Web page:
Canisfamiliaris telomerase reverse transcriptase undergoes alternative splicing

Canisfamiliaris telomerase reverse transcriptase undergoes alternative splicing The enzyme telomerase is essential for cell proliferation and tumorigenesis. Telomerase reverse transcriptase (TERT) represents the catalytic subunit of the enzyme. In humans, TERT expression is regulated by several different mechanisms, including alternative splicing. Canis familiaris TERT (dogTERT) has been shown to have a high level of sequence similarity with human TERT, indicating that the dog may represent a suitable animal model for telomerase studies. In the present report we sought to investigate whether dogTERT undergoes alternative splicing. During the analysis of canine mammary tissues (both tumor and paired adjacent to the tumor normal tissues) for dogTERT expression by RT-PCR, we identified eight samples—one tumor and seven adjacent normal—which gave PCR products of unexpected sizes. DNA sequencing revealed two insertions (175 and 28 bp long) and two deletions (17 and 32 bp long), which were encountered in different combinations and gave rise to five different transcripts. The generation of all variants could be explained by the employment of alternative splicing sites within dogTERT genomic sequences. The 175-bp and 28-bp insertions, identified between exons 7 and 8 and between 8 and 9, respectively, constituted unspliced sequences of introns 7 and 8, respectively. Both deletions originated from exon 8 sequence removals due to alternative splicing. All five variants encoded truncated proteins, which lacked essential motifs for reverse transcription and might have thus lost their ability to compose active telomerase enzymes. This is the first identification of alternative splicing events within dogTERT. The results presented here may provide the basis for more thorough studies on the regulation of telomerase activity in canine normal and cancer cells. http://www.deepdyve.com/assets/images/DeepDyve-Logo-lg.png Mammalian Genome Springer Journals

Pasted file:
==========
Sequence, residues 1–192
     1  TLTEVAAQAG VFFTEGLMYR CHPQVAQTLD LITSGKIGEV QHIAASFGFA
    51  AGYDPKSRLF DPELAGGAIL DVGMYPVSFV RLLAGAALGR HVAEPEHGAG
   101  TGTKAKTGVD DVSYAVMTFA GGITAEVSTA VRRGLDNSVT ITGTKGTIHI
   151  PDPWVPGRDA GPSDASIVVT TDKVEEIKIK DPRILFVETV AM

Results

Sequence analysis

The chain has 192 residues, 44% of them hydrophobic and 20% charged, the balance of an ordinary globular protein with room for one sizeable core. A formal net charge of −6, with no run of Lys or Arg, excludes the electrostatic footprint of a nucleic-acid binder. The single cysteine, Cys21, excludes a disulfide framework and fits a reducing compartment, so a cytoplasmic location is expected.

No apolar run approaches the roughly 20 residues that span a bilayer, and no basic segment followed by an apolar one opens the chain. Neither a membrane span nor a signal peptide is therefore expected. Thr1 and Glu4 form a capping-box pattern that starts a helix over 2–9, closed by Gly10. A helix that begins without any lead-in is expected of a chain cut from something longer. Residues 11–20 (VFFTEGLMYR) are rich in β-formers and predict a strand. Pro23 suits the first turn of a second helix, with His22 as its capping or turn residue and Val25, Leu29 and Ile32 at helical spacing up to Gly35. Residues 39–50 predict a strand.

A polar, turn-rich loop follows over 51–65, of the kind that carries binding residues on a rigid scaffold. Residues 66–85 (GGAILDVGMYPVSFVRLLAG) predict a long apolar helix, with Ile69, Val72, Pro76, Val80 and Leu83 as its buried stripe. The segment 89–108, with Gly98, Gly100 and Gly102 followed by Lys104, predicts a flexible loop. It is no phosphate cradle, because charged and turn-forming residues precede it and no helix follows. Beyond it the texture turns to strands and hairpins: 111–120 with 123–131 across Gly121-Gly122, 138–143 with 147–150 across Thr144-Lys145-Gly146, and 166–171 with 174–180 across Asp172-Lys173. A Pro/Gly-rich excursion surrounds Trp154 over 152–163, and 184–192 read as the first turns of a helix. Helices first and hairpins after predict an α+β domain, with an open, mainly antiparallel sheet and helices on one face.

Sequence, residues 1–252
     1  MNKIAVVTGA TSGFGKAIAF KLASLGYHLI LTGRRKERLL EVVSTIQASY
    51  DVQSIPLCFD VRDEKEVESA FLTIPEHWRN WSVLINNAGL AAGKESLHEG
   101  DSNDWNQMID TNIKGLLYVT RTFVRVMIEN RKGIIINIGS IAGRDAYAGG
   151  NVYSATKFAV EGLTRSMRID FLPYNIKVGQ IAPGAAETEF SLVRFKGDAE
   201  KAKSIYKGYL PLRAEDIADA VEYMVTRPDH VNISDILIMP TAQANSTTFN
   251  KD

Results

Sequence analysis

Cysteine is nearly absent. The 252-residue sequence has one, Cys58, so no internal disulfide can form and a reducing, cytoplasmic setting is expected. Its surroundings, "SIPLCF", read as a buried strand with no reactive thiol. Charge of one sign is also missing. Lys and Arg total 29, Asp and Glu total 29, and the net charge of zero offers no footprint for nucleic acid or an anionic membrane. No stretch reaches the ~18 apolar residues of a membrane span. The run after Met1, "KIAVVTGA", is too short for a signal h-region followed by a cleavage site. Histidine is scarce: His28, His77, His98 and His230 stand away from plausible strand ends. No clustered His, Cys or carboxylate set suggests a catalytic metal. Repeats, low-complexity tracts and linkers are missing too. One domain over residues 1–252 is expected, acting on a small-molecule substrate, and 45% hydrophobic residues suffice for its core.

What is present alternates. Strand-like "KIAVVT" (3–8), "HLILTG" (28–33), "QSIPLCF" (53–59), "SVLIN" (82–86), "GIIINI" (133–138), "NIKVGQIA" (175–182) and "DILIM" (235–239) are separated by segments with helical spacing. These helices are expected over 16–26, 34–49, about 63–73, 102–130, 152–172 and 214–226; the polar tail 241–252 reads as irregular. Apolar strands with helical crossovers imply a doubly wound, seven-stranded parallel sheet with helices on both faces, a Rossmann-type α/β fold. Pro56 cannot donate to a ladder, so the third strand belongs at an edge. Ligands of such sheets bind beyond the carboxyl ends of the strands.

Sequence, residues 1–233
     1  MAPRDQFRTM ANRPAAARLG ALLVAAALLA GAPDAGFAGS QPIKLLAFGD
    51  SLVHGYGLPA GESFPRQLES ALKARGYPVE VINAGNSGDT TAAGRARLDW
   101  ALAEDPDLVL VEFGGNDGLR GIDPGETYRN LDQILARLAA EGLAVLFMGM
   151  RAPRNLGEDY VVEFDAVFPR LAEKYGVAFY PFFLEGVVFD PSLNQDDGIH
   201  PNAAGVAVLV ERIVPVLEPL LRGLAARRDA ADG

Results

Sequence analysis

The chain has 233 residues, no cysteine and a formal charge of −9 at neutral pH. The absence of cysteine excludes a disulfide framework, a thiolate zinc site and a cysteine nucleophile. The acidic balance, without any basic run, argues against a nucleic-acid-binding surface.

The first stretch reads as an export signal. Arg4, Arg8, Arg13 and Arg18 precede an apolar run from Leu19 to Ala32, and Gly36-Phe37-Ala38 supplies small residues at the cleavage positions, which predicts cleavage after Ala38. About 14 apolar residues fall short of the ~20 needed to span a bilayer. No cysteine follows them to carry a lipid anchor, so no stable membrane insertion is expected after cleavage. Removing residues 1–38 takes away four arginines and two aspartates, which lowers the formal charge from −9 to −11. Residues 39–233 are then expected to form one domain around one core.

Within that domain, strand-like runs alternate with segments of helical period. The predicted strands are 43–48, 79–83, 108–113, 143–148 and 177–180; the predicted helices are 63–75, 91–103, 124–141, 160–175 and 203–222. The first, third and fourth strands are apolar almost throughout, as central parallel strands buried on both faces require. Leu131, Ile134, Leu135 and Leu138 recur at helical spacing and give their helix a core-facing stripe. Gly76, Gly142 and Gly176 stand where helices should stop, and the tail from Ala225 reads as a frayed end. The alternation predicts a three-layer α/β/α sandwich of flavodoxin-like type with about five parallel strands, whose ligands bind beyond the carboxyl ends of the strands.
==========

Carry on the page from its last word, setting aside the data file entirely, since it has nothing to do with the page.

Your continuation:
Canisfamiliaris telomerase reverse transcriptase undergoes alternative splicing

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Publisher
Springer-Verlag
Copyright
Copyright © 2008 by Springer Science+Business Media, LLC
Subject
Life Sciences; Zoology ; Anatomy ; Cell Biology
ISSN
0938-8990
eISSN
1432-1777
D.O.I.
10.1007/s00335-008-9144-7
Publisher site
See Article on Publisher Site

Abstract

The enzyme telomerase is essential for cell proliferation and tumorigenesis. Telomerase reverse transcriptase (TERT) represents the catalytic subunit of the enzyme. In humans, TERT expression is regulated by several different mechanisms, including alternative splicing. Canis familiaris TERT (dogTERT) has been shown to have a high level of sequence similarity with human TERT, indicating that the dog may represent a suitable animal model for telomerase studies. In the present report we sought to investigate whether dogTERT undergoes alternative splicing. During the analysis of canine mammary tissues (both tumor and paired adjacent to the tumor normal tissues) for dogTERT expression by RT-PCR, we identified eight samples—one tumor and seven adjacent normal—which gave PCR products of unexpected sizes. DNA sequencing revealed two insertions (175 and 28 bp long) and two deletions (17 and 32 bp long), which were encountered in different combinations and gave rise to five different transcripts. The generation of all variants could be explained by the employment of alternative splicing sites within dogTERT genomic sequences. The 175-bp and 28-bp insertions, identified between exons 7 and 8 and between 8 and 9, respectively, constituted unspliced sequences of introns 7 and 8, respectively. Both deletions originated from exon 8 sequence removals due to alternative splicing. All five variants encoded truncated proteins, which lacked essential motifs for reverse transcription and might have thus lost their ability to compose active telomerase enzymes. This is the first identification of alternative splicing events within dogTERT. The results presented here may provide the basis for more thorough studies on the regulation of telomerase activity in canine normal and cancer cells.

Journal

Mammalian GenomeSpringer Journals

Published: Oct 4, 2008

References

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